Hospice by Chris Stewart

She watched him expire by the fading lymph-light
And knew good riddance was the appropriate sentiment except
She’d read him the books crescented in the penumbra of his node-lamp
And felt a lump unlike the one in his throat rise.

“You’re a lovely lady,” he’d say.  “You remind me of…”

“That’s what you said to Tracey last shift,” she’d say,
“And we bear no resemblance.”

She logged his death and grouped the personal items in a pile.
There would be no claimants.
A tourist book on Rhodesia and Egypt she used to read aloud.

“To be sure, you’re both fine specimens of woman,” he’d say.
If only he were a decade or so younger…

She lay in the folds where the cancer had made its advances,
The raided tomb of Rameses, empty and migrained
With fluorescent fingermarks.

His body lay like a swastika foetus of labial folds.
A few sweat patches, an unremarkable Turin Shroud.
She unmade him as if unfolding an origami swan.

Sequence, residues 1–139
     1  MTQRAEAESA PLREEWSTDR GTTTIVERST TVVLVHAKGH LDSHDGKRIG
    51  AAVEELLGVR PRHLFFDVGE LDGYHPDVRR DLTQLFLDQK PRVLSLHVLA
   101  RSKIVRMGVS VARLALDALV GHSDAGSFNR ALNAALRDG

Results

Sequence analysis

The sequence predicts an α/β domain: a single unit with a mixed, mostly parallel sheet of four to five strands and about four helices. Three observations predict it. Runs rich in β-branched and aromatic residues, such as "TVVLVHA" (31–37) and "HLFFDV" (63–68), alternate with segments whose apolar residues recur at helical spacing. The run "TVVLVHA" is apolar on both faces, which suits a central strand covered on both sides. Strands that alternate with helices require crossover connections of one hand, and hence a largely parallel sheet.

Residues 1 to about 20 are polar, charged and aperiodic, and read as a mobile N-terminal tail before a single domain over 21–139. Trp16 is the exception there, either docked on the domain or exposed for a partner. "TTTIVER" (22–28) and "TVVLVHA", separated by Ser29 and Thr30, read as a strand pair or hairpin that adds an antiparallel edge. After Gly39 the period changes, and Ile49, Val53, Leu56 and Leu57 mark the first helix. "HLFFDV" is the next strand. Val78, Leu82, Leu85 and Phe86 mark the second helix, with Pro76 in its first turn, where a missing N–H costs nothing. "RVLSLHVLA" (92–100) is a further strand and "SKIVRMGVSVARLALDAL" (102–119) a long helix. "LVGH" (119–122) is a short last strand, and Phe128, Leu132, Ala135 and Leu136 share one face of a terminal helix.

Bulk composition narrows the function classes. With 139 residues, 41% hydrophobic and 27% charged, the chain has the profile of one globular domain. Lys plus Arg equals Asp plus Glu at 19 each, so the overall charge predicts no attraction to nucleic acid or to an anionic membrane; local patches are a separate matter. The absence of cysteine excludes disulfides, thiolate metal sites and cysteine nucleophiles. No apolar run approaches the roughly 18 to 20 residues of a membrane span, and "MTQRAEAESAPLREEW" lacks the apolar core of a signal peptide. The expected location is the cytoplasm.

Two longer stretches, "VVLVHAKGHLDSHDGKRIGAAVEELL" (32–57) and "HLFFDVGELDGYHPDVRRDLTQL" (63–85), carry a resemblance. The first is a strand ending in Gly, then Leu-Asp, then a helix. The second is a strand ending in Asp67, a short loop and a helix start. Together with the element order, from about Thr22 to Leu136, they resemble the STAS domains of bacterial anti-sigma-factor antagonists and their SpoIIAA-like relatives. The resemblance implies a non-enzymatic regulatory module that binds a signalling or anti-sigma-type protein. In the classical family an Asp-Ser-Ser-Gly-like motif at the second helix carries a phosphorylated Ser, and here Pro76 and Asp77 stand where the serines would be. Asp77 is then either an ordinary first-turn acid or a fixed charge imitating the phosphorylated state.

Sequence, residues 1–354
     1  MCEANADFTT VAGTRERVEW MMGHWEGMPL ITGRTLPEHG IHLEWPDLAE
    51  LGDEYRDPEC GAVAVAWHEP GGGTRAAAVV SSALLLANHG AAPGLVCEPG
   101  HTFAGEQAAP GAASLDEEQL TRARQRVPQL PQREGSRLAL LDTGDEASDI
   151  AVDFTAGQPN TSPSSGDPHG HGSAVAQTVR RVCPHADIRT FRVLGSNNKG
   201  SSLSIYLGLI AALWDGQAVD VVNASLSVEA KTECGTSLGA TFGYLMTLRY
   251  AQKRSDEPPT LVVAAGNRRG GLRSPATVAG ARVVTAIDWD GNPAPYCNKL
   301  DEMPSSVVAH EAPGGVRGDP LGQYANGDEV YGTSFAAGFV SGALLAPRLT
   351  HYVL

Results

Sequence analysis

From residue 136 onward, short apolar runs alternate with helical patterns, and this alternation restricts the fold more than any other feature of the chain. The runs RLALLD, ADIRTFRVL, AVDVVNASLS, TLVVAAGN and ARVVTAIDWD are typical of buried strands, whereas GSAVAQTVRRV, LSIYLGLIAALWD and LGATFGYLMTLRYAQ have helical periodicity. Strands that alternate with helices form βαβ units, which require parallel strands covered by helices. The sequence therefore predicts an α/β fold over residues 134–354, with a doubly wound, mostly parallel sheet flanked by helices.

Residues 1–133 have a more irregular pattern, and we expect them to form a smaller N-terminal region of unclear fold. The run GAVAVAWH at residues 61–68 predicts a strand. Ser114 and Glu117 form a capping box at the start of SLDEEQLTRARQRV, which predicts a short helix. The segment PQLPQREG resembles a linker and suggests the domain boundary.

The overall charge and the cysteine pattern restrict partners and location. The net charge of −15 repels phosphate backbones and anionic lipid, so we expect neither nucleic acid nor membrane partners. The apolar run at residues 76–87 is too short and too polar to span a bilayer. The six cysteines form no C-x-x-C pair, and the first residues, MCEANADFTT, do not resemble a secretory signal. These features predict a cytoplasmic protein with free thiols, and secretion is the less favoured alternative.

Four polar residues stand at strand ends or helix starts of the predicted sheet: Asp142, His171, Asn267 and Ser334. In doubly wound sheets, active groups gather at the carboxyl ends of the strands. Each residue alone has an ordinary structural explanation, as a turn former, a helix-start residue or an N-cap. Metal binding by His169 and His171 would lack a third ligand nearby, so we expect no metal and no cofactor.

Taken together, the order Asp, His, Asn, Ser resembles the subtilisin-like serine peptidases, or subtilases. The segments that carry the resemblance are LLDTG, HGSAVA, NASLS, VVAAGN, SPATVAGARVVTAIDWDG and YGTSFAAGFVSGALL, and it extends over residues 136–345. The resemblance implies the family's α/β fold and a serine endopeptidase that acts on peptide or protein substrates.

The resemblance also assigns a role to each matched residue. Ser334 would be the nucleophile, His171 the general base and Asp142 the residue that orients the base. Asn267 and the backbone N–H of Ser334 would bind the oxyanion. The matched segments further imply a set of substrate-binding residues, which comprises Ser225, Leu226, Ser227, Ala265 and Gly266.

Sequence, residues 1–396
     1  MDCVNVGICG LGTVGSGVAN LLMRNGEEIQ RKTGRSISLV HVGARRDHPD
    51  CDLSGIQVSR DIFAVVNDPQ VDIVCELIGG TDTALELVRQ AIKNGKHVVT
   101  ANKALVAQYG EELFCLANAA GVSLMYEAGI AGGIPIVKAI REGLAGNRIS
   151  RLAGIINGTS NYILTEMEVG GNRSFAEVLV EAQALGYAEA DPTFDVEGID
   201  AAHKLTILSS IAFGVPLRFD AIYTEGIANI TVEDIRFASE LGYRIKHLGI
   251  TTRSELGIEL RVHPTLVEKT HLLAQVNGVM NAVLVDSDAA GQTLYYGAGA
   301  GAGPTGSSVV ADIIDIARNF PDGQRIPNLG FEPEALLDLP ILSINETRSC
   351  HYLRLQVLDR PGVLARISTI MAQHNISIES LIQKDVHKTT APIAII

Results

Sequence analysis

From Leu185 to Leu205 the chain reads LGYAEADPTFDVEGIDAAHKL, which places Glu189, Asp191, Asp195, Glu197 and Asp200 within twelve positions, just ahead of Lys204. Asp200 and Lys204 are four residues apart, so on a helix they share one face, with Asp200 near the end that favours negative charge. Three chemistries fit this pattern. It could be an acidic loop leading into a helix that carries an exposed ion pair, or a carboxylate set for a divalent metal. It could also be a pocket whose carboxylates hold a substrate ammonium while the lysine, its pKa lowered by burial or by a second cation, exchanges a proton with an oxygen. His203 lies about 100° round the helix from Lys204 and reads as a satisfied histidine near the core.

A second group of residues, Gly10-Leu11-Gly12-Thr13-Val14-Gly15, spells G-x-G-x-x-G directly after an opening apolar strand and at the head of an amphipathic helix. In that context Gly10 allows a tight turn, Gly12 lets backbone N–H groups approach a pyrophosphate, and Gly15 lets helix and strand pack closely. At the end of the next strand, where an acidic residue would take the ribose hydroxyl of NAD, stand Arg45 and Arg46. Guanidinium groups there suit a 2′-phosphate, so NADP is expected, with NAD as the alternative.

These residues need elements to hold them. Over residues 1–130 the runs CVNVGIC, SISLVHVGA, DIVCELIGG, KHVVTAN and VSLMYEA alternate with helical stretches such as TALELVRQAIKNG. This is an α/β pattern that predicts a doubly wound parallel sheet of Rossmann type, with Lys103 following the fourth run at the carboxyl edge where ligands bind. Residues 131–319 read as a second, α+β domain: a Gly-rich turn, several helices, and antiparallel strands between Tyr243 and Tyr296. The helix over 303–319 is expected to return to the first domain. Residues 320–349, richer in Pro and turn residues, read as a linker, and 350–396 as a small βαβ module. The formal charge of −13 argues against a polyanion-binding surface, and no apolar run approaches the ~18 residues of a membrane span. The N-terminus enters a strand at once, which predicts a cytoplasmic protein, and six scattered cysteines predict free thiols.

His case notes were closed.  A repeat offender,
Despite impotence he still exposed himself.

“Just give me ten more years and I could’ve shown you
“What I could do.”

Now his belongings are rejected even by the hospice bookshop.
“Ancient history,” remarked the volunteer.
“No call for inaccurate tour guides.”

Chris Stewart one phone - Copy

Chris Stewart was longlisted for the CYCLOP International Videopoetry Contest 2015. He is winner of the 2015 Read Our Lips filmpoem competition. He is an Apples and Snakes ‘Public Address’ alumnus. He is anthologised in ‘Break-Out: A Calling Card From the Rising Stars of the Teesside Scene’ (Ek Zuban, 2013). You can tweet him @SideBurnedPoet. You can find his filmpoems here: http://www.youtube.com/zorki28


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